Ferhan Ashig Day-Today's Prestonpans

Top retailer Ferhan Ashiq is to close his Day-Today store in Prestonpans near Edinburgh, citing rising energy costs as a “killer blow to independent retailers”.

He announced the closure on social media, informing his customers that the store would be shutting on 28 February after nearly 35 years in operation. Ferhan thanked his customers and staff for their support over the years. He said will keep his other store, Levenhall Village Store, open for the foreseeable future and plans to spend more time with his family.

Speaking to ConvenienceStore.co.uk, Ferhan explained that his energy bills were set to rise from £19,500 a year to £45,000, making it impossible for him to keep trading. “The bills were already too high but for them to rise by £2,000 a month makes us unable to continue. To recoup that we would have to increase prices across the board by 10-15p which would put pressure on consumers who are already struggling and probably lead to more theft.”

He said that while his energy bills wouldn’t have increased until the summer due to the timing of the store’s energy deal, he didn’t want to wait until costs grew to the point that the business would be unviable. “We’re lucky that we’re in a position to go of our own free will and that there was already interest in the store. So many retailers won’t be in that position and will find themselves struggling and getting into debt just to keep the lights on.”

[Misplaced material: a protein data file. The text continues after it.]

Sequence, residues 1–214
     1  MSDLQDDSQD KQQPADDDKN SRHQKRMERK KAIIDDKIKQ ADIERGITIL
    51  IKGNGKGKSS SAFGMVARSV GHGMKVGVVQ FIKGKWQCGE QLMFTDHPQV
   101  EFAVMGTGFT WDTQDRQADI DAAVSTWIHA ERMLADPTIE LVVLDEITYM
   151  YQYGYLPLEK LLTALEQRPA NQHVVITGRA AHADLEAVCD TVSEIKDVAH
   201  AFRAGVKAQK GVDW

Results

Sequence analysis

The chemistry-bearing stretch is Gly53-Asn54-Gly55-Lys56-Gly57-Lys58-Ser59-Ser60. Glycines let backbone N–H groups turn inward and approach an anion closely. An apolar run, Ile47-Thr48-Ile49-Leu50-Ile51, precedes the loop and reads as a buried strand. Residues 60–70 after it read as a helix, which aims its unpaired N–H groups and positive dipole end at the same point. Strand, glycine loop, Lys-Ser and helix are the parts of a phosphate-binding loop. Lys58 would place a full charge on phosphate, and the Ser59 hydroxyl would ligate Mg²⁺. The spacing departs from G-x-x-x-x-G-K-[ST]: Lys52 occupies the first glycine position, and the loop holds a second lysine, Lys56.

Ferhan warned that rising energy costs will put many other independent retailers out of business. “Energy prices will be a key issue for many retailers. I know of three or four other retailers who are closing because the costs of running a store are getting too high.”

“A price cap for businesses is needed as soon as possible. The energy wholesalers need to take some of the hit on this, it can’t be all left on the shoulders of business owners – it’s a stretch too far.”

In his role as Scottish NFRN president, Ferhan warned that many retailers will be at risk this year due to rising overheads.

Ferhan had already been through the wringer, with a major theft costing the business £30,000 and suffering an accident which damaged his health.

He first started thinking about closing the store in July of last year when his son had an accident and he struggled to help take care of him due to staff absences caused by the pandemic.

Ferhan also criticised the costs of closing a business. “As soon as we started the process to shut the store, everyone came out of the woodwork demanding money. I was lucky that I was able to negotiate them down but not everyone can do that. There needs to be action taken on this as it’s kicking a business owner when down.”